Old men, most wistful some still fierce, leaned heavily upon a yearning nostalgia for a poorly remembered past. Businessmen rose to speak, desperate to stay in business even if only for another few years. Educators, burdened by damage done to youth through unrelieved rural poverty and a field of opportunity gone barren, reveled in optimism tinged with desperation.

“We want our kids to stay here” was the common refrain.

At the last there rose an American mother, stoic but barely dry eyed as she offered a Song of Depression.

She lamented that not only is the region depressed, we are depressed, with heads low and shoulders stooped, weighted down by cruel fate and hard history made crueler because men make history and are crueler than fate. She sang that the Copperwood mine could serve as a new beginning, a wellspring of revitalization, a turning of this dark season into a brighter tomorrow for our children, our culture and community -- together in a great and magnificent land for generations to call home.

What's true is that Copperwood is slated to last a mere 14 years. What's true is that by then, children conceived during the first flush season of desperate hope will be looking to their final years at A.D. Johnston High School and to the inevitable closure of the Copperwood mine precisely when they’ll most need some hope of their first good job in order to remain in the region.

Everything else aside, that’s the thing about mining: whether copper or iron, gold or iridium, they ain’t making any more.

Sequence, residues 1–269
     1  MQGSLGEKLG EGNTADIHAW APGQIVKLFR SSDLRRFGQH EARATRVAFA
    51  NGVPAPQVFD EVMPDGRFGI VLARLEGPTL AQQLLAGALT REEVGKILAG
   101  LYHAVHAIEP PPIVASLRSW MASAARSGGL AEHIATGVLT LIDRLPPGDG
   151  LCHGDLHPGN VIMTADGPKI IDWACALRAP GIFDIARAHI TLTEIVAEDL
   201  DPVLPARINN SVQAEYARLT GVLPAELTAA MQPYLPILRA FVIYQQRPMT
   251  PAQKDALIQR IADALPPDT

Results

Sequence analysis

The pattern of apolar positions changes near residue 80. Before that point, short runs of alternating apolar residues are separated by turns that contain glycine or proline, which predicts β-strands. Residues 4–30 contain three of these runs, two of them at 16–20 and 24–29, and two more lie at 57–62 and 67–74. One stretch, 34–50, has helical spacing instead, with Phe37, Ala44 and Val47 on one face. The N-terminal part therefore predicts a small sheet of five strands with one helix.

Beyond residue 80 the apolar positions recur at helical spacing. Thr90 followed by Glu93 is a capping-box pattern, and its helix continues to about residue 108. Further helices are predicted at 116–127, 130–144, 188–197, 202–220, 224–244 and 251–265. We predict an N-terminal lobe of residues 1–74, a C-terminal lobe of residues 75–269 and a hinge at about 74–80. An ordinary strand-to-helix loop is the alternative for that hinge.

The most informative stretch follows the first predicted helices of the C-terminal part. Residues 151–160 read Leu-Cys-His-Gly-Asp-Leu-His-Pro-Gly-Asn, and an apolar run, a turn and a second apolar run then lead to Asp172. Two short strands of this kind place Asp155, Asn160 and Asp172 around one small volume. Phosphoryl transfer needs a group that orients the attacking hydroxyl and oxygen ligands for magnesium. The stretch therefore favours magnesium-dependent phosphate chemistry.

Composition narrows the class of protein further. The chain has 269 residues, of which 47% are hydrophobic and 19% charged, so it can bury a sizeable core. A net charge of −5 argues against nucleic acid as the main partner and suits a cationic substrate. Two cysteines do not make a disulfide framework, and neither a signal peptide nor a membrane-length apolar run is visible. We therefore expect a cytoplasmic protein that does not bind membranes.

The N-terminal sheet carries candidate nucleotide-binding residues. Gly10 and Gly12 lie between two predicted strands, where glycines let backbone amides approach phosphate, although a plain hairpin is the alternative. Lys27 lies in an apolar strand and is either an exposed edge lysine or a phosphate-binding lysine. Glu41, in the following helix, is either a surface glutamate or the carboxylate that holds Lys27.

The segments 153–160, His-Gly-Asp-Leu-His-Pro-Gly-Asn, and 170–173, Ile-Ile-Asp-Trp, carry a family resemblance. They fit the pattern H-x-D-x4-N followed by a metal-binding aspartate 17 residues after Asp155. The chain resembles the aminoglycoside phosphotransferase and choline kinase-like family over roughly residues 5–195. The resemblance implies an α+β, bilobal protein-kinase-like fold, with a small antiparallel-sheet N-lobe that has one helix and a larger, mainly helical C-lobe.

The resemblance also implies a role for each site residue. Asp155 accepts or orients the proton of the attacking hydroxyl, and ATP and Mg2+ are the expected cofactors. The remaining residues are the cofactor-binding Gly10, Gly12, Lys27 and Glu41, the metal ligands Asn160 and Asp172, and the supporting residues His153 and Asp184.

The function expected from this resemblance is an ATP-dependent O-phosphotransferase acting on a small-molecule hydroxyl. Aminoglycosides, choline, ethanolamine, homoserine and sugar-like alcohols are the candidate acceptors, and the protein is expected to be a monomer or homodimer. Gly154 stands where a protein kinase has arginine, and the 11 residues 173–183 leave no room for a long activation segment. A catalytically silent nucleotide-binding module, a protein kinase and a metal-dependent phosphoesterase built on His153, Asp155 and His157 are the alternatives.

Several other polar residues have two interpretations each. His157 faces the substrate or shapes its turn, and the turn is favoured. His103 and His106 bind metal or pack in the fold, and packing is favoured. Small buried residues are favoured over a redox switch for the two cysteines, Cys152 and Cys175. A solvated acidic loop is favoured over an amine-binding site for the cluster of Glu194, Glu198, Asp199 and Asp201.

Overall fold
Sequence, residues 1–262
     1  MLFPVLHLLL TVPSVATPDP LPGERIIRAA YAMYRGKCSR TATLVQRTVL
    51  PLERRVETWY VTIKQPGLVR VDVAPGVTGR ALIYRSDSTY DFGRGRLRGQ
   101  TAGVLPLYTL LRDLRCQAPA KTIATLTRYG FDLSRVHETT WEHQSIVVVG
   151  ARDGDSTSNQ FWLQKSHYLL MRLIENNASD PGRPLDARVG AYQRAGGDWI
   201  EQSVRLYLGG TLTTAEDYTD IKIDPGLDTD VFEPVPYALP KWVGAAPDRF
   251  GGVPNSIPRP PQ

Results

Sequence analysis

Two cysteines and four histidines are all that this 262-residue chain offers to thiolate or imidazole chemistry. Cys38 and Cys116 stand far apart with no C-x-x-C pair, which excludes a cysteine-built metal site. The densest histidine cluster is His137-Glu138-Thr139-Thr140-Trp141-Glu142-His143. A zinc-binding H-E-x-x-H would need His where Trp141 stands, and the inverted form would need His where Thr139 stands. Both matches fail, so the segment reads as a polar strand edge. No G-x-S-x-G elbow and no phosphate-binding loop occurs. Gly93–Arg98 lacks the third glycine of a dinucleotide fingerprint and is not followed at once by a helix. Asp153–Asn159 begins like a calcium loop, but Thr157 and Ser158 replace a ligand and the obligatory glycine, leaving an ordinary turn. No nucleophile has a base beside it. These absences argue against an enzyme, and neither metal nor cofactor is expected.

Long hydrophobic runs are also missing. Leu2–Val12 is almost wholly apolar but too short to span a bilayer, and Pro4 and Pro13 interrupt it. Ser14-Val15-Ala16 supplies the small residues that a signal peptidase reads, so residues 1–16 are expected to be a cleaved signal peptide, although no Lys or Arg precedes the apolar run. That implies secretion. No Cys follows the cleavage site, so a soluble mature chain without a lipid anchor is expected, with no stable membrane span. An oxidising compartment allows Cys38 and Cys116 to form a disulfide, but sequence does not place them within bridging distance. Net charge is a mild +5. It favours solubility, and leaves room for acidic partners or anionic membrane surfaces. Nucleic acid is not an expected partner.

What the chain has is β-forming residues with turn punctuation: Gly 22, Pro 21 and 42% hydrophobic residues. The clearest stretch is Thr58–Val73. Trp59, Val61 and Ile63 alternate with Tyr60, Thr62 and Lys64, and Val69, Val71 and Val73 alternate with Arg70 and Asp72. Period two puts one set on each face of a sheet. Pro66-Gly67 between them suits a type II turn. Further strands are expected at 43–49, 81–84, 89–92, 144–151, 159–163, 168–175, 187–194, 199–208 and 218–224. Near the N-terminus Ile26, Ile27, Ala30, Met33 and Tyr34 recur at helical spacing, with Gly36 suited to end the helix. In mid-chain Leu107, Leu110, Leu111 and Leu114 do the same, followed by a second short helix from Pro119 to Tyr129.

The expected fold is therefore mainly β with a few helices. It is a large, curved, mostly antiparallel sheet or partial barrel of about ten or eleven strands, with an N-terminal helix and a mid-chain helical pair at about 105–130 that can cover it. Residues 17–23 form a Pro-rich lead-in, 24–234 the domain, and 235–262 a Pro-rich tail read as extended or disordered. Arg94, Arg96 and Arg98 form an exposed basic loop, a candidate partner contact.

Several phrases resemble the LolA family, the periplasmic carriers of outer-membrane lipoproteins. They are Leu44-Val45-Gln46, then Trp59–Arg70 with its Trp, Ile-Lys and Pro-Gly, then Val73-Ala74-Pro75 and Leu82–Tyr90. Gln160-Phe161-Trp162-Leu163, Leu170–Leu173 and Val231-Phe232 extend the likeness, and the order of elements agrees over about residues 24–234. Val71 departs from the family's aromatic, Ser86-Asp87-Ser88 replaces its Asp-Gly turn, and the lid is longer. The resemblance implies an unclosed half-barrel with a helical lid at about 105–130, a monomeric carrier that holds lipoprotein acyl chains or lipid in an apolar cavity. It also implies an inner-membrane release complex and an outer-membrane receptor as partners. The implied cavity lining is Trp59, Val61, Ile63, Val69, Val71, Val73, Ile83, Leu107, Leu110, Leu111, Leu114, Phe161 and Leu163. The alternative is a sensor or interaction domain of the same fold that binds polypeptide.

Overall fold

Once the resource is tapped, transformed into a marketable commodity and sold off to China to be repurchased by us in some other form, our resource is just gone. Then everything dependent upon it goes away and quickly too. A few short years of cash in hand is insufficient to pin an entire future on and there’s ample proof of that already, everywhere around Superior.

I left the meeting and returned to the motel. Then overnight, winter came.

The forest is a wonder, flush with the first snow of the season. The chorus of life falls to a hush so low you can hear the snow fall. Superior is so great that it makes its own weather. Bands of lake effect snow flew across the Range, a little here and a whole bunch there.

As it happened, I headed off into the whole bunch.

It was hard, honest work in a splendid place. Shooting made nettlesome by squalls, I spent as much time watching a shy flock of American Coots that’d taken refuge on Bobcat Lake as the first ice of the season formed than I did actually working.

After a few hours it became only prudent to head towards safer haven rather than farther away. Eight inches down and mine the only track on forest service roads wasn't simply an enticing gift, it was also an invitation for the wildness to demonstrate once again its indifference to every human concern.

Along the hilly ribbon of glorified two-lane that allows a corridor of wind to slice through the forest between Marenisco and Wakefield, I drove briefly in near whiteout. Only a few other working folk shared the road, because work is what people do and where it takes us we must go.

Even eagles hunkered down...

Meanwhile, hard rock was covered in soft white while deer and Coots and red squirrels and even the millions of trees murmured on, knowing that short of dying there’s nothing can be done but to remain resolute in the face of a long winter's wild, with its sure hard times and roiled discontent.

That, and provided we mustn’t eat our own bodies to survive in the meantime, to take comfort in the fact that a season once turned desperate must inevitably turn back 'round again.